Design Moment: Windsor Chair, c. 1720s

18th-century chair has distinctive comb and hoop backs and is renowned for its longevity

A sack-back Windsor Chair

A sack-back Windsor Chair

 

My kitchen chairs are Ercol Windsor chairs, made in the 1950s from ash and still sturdy and without a creak – and it’s that practicality that explains the longevity of a design that first emerged in the early 18th century in England.

It is thought they got their name from the part of the England where they were first sold – but now the label refers not so much to geography but to design.

A Windsor Chair has legs and a back that is socketed into a solid seat. The backs, with often delicate-looking rounded spindles, are either a comb or hoop design. It’s thought that the earlier chairs were comb backed – with the upright spindles in the back slotting into a horizontal piece of wood.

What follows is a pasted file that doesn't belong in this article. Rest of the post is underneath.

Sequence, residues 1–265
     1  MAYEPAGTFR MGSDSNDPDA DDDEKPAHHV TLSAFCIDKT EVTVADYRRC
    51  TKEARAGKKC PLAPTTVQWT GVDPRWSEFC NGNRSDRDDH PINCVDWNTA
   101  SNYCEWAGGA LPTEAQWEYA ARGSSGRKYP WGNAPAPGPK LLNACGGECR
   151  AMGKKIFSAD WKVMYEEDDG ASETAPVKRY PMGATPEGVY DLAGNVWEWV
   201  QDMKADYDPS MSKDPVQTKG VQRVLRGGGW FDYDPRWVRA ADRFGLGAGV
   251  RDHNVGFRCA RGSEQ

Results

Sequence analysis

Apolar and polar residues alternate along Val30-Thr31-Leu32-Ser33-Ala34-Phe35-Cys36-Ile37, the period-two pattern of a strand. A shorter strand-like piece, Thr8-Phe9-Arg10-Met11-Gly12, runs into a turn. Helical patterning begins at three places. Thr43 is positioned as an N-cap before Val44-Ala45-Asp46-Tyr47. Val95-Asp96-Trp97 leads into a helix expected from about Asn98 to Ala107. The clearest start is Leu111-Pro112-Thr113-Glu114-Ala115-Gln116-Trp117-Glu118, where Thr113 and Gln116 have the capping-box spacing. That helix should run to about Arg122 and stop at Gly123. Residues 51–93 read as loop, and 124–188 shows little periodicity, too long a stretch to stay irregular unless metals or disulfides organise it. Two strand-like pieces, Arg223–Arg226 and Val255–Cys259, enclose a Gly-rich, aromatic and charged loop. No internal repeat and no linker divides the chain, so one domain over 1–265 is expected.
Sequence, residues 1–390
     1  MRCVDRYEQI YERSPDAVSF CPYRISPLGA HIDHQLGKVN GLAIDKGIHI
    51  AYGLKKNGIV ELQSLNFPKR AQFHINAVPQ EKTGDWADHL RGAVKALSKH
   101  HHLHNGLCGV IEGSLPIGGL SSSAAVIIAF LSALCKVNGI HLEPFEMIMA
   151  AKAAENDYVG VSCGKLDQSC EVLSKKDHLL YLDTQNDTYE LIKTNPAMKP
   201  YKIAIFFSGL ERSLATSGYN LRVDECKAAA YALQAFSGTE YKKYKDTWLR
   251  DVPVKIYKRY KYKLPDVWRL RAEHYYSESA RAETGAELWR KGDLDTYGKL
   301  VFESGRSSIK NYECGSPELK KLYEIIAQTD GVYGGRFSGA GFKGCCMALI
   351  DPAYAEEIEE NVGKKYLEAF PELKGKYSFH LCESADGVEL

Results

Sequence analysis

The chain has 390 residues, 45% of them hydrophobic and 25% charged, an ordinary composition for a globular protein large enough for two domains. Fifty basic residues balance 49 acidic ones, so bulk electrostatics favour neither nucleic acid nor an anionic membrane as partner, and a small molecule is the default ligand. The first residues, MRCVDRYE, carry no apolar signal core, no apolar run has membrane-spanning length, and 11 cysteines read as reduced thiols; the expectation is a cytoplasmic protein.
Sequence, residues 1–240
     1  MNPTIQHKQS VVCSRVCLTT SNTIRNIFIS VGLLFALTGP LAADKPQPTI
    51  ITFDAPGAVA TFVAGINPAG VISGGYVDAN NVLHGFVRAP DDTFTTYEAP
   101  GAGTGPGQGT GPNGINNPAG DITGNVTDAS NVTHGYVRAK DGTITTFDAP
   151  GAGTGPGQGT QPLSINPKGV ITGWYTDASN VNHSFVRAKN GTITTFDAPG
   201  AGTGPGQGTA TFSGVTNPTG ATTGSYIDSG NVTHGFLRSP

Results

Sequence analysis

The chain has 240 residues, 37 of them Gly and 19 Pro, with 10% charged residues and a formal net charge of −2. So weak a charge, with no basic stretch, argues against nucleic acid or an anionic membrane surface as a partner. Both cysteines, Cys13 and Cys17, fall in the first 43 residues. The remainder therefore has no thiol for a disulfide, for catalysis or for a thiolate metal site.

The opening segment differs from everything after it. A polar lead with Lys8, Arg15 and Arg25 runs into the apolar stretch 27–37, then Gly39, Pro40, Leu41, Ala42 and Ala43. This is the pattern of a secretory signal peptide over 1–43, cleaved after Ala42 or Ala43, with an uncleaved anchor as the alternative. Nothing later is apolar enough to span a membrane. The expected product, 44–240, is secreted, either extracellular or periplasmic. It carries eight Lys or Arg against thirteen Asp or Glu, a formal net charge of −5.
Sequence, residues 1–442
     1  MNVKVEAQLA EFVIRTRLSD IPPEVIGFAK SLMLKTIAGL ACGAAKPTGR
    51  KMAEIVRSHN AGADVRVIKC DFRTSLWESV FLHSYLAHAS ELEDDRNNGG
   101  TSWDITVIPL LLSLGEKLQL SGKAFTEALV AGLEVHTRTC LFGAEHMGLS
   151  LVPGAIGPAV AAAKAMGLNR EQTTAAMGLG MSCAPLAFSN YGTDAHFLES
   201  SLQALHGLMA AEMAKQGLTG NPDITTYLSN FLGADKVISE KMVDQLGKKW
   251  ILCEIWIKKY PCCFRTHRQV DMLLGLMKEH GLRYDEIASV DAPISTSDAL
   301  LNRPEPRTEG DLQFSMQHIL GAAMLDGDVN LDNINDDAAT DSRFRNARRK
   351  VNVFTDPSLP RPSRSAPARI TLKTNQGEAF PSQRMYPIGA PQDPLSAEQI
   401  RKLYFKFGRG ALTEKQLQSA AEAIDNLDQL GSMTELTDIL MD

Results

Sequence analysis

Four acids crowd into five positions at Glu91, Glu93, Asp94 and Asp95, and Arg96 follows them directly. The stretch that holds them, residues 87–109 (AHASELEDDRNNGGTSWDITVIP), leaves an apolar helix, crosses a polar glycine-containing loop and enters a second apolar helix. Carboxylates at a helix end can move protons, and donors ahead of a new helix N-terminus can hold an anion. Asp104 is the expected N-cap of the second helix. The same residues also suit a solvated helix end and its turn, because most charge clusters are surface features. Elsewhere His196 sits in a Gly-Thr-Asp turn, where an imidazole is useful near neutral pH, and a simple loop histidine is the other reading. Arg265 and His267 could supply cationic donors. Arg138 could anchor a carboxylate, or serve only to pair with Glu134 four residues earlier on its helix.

Later 18th century models had hoop backs as craftsmen learned to bend wood into a rounded shape. The seats while sometimes entirely flat often have a slight saddle shape or a bottom shape for comfort.

Craftsmen

From the earliest days, Windsor Chairs were made by everyone from jobbing craftsmen to large factories and were used in both commercial and domestic settings, which explains why there are so many of them about.

Some are painted, some not, some have arms, others have decorative elements in the back spindles. Apart from the back, there are different types of Windsor Chairs – the one pictured is a sack-back armchair – and early US furniture makers took up the basic design and tweaked it to make their own versions.

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